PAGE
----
I remember the Shell company holding road traffic games in Batu Road School in the 1950s to get primary school pupils to learn and observe simple laws such as motorists should slow down and stop when the traffic light turns amber, and cars must give way to pedestrians at zebra crossings.
Respect for traffic law is the first step towards respect for the rule of law. Today, if you stop at the amber light, you are likely to get whacked from behind because many do not stop even at the red light, much less amber.
In the Damansara Uptown square, I observed that 99% of motorists and 100% of motorcyclists do not stop for pedestrians at the crossings, even those with flashing amber lights. They only stop at the crossing with a full set of traffic lights.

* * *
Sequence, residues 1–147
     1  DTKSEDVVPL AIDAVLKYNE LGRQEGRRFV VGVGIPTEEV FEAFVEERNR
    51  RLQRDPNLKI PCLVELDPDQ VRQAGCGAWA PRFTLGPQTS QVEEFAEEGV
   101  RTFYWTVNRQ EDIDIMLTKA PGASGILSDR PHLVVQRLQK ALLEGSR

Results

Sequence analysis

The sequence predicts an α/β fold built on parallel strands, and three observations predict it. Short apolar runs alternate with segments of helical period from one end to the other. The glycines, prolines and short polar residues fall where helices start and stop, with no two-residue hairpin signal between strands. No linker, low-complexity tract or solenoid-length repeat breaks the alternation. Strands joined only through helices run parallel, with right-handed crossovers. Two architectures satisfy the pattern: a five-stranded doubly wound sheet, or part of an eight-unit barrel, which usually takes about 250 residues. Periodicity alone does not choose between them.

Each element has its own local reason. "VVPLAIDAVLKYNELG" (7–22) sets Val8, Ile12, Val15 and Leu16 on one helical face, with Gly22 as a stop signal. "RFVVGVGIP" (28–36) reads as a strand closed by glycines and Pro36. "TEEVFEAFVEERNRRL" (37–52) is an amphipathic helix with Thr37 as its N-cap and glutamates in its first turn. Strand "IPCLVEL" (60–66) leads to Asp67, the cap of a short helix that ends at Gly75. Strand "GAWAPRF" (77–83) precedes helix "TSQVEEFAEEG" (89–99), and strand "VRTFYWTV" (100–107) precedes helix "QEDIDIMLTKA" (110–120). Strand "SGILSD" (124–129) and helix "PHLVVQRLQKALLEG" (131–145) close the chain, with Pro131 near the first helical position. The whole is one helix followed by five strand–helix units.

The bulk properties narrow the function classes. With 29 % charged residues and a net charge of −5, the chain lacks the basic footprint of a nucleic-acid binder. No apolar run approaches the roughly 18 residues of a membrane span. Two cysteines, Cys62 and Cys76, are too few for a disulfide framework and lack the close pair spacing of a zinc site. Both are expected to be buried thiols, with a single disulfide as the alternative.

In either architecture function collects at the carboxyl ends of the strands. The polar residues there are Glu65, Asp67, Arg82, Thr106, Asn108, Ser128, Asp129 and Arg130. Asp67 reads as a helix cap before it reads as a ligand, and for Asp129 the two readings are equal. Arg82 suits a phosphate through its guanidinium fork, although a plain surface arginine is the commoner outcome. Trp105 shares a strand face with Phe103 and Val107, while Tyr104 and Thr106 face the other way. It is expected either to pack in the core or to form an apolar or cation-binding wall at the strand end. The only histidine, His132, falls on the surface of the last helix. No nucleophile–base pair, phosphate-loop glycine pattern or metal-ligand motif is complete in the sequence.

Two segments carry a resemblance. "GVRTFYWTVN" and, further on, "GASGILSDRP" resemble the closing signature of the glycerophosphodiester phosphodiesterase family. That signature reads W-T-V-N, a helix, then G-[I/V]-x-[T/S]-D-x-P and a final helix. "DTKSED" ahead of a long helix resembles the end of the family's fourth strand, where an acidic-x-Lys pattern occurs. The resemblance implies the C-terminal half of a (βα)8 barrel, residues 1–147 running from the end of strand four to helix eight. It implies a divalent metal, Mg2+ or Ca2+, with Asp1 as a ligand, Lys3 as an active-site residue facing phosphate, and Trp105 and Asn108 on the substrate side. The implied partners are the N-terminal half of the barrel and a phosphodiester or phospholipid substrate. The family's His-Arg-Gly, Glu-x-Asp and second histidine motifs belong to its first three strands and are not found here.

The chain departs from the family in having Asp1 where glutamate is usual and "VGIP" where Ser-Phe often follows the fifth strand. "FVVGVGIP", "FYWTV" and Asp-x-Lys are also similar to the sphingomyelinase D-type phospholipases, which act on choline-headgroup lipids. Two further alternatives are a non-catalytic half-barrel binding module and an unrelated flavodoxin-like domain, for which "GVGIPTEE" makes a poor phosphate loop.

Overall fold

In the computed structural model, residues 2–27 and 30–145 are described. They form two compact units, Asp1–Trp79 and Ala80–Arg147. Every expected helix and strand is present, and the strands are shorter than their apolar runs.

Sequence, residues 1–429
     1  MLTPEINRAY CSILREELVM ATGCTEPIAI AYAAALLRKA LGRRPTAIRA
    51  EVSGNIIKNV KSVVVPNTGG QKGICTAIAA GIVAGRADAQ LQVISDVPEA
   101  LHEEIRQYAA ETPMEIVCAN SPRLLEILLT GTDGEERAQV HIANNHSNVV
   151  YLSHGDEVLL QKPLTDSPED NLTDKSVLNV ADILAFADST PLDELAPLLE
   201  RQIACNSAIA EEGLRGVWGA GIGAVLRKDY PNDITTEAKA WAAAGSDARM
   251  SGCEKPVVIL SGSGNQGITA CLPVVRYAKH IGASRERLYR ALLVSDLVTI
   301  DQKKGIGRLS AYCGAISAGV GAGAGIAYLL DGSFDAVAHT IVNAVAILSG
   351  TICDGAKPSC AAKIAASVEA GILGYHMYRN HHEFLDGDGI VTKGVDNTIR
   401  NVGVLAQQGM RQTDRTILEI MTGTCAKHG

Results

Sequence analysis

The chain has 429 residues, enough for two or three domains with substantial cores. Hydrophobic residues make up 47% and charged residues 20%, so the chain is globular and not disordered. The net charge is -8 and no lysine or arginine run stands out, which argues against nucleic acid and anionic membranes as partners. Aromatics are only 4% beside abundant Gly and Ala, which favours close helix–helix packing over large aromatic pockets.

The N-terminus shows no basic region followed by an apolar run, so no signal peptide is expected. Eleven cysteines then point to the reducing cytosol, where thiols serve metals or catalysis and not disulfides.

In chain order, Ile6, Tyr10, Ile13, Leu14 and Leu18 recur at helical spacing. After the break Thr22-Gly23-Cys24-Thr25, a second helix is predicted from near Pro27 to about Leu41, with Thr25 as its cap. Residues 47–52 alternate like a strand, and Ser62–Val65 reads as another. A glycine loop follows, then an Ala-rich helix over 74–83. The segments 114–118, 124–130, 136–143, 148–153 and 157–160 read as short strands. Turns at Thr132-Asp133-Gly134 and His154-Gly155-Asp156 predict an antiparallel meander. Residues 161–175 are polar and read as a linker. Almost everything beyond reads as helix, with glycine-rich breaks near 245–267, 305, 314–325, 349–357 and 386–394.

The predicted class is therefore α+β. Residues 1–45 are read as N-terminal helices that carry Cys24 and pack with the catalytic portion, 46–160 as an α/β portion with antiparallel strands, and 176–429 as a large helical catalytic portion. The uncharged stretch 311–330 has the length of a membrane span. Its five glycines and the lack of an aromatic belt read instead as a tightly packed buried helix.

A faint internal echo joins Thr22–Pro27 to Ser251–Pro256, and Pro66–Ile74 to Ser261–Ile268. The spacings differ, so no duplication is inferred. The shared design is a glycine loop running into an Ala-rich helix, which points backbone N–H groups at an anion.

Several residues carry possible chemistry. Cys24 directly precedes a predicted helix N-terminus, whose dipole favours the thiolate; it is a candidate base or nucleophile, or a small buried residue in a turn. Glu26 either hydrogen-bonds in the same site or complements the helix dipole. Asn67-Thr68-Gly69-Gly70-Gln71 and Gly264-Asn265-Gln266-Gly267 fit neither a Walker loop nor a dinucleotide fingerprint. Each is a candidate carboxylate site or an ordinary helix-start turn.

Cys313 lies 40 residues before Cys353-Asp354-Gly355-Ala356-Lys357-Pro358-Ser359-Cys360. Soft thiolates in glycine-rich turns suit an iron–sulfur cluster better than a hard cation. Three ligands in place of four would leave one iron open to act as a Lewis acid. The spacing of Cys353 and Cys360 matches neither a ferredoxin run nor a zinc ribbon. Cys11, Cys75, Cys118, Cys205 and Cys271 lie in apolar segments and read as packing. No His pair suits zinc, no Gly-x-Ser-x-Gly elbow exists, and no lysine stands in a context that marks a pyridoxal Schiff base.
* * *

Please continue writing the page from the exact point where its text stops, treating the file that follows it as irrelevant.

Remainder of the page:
Pedestrians have learned not to expect that they can cross safely at the crossings, in which case they might as well cross wherever they like since they face the same risks. The crossings are then rendered completely useless. Isn’t it time to restore some civilised driving behaviour into our society? Perhaps this should be the next emphasis of our Transport Minister. In Australia, drivers stop for pedestrians even where there is no marked crossing. It is just common courtesy and good manners.
I was told that in Moscow, hitting a pedestrian at a crossing is a criminal offence that is punishable with a jail sentence.
If the rule of law is breaking down in Malaysia, it started with us teaching our children to break traffic laws. Perhaps the Transport Minister can help restore respect for the law among our children.
H. M. WONG
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